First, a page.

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Multimodal Mondays: Combining Words and Visuals to Analyze a Text

posted: 9.23.13 by Andrea Lunsford

Arguments that combine words and images are ubiquitous, but students often absorb these multimedia messages unconsciously. Assigning an activity that asks students to interpret an image and complement it with words will give them practice in analyzing and creating visual texts.


Learn about analyzing visual texts by creating captions that alter an audience’s impression of an image.

Background reading before class

Prepare students to discuss analyzing visuals by reading relevant content from your handbook or rhetoric:

  • Everything’s an Argument, Chapter 14, “Visual and Multimedia Arguments”
  • The St. Martin’s Handbook, section 7d, “Analyzing a Text”
  • The Everyday Writer, section 12d, “Analyze the Text”
  • EasyWriter, section 3b, “Thinking Critically about Visuals”

In Class

As a class or in small groups, ask students to draw from their own experiences to generate a list of captioned visuals.  Some obvious examples might be advertisements, newspapers, or cartoons, but encourage students to think about less expected sources such as academic essays and textbooks, art museums, or old family photo albums with handwritten captions.

Bring in some examples from different sources to display for the class—or, if students’ examples are available online, search for and project the images at the front of the classroom. One option is the famous New Yorker Cartoon Caption Contest where you can view the week’s finalists for different captions of the same cartoon.

As a class, talk about how a caption changes the impact of an image to create an effective visual text. Consider discussing the following:

  • How does the context of an image (where it appears—online, in a newspaper, in a textbook) change what you write in a caption?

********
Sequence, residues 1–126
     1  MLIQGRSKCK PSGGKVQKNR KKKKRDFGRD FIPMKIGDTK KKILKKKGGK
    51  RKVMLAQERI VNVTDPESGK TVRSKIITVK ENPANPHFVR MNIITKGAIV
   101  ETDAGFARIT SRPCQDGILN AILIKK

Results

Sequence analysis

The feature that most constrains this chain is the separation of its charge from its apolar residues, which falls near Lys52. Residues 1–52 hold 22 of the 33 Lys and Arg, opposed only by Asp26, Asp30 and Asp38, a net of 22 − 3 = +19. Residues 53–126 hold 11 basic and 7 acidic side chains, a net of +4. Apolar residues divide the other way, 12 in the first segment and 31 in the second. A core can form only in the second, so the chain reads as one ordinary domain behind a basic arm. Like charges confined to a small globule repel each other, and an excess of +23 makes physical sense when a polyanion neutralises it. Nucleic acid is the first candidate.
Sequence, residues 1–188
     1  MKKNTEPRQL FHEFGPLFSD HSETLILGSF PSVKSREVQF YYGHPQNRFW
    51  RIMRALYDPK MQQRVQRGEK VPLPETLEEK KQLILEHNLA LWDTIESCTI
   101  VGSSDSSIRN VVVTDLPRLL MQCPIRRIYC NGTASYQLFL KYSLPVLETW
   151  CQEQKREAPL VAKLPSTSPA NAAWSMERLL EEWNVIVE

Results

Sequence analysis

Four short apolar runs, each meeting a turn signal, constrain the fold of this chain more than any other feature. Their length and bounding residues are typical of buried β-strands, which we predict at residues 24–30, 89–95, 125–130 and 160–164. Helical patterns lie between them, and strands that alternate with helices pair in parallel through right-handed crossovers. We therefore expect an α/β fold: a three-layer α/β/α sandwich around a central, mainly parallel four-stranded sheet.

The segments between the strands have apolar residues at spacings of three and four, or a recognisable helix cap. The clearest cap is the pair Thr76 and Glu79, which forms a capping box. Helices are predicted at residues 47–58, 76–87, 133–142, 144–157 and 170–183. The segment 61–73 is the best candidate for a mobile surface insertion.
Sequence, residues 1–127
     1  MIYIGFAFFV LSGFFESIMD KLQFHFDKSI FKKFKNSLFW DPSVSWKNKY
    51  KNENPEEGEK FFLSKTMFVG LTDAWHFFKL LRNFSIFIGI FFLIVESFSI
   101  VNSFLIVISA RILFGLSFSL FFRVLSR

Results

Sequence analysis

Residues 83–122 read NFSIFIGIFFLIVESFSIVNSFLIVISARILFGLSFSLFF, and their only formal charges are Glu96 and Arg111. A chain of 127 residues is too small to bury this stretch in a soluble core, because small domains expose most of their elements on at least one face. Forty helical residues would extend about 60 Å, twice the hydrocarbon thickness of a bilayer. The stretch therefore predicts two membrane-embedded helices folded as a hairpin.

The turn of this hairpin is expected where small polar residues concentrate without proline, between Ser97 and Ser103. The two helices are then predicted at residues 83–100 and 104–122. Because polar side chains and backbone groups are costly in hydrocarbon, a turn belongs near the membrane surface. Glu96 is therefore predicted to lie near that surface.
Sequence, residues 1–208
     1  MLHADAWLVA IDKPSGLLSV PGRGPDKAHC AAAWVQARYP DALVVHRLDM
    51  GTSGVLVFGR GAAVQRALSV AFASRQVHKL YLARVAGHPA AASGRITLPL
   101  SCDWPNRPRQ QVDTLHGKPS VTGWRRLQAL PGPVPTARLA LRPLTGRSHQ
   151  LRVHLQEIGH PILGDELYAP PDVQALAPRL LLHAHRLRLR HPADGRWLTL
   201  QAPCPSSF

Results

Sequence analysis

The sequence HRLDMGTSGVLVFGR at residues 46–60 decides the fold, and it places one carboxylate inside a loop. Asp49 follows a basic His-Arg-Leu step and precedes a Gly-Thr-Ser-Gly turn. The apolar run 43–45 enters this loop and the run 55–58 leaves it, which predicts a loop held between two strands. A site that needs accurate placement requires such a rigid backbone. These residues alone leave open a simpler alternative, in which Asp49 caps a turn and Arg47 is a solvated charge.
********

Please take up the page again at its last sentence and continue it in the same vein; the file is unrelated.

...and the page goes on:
• Should the caption refer directly to the photo (e.g., “this [subject] shows…”) or should it let the image speak for itself and present new information? What are some instances where direct or indirect captions are appropriate?
  • How important is the sentence style of the caption? Should it be short or long? Should you use active voice or passive voice? Are some words more effective than others? (Have students look at sentence style strategies in the relevant sections of their handbook or rhetoric to come up with their answers.)


For homework, ask students to choose an image that they find compelling or that relates to a writing topic or class theme. Students might bring in family portraits, photos from newspapers or magazines (captions removed), photos they’ve shared on social media sites, and more. Have them write two captions for the image that will create two different impressions. For instance, students might create captions that are sad and funny, accusatory and sympathetic, overly sentimental and logical, etc. Ask students to submit their final visual texts to you. They should be able to explain what impressions they intended to make with their captions and how the words they wrote achieved that purpose. You might decide to have students submit these explanations in writing or orally in a presentation to the class.

Reflection on the activity

Ask students to reflect on the captioning activity, using questions like these as prompts for discussion and writing:

  • How and why did you choose your image? What details about the image (its subject matter, its colors, its composition, etc.) made you think it would benefit from having a caption?
  • Was it difficult to write a caption without any context for the image you selected? Or, did you have a context in mind when you were writing the caption? Where would your captioned image appear if it were published?
  • How did the impression you wanted to make determine which kinds of words or style (word choice, syntax, etc.) you used in your captions? How did you revise your captions?
  • Imagine that you needed to use one of your images and captions in an assignment for class. What kind of paper, presentation, or other project would feature this visual text?


Want to collaborate with Andrea on a Multimodal Monday assignment? Send ideas to for possible inclusion in a future post.

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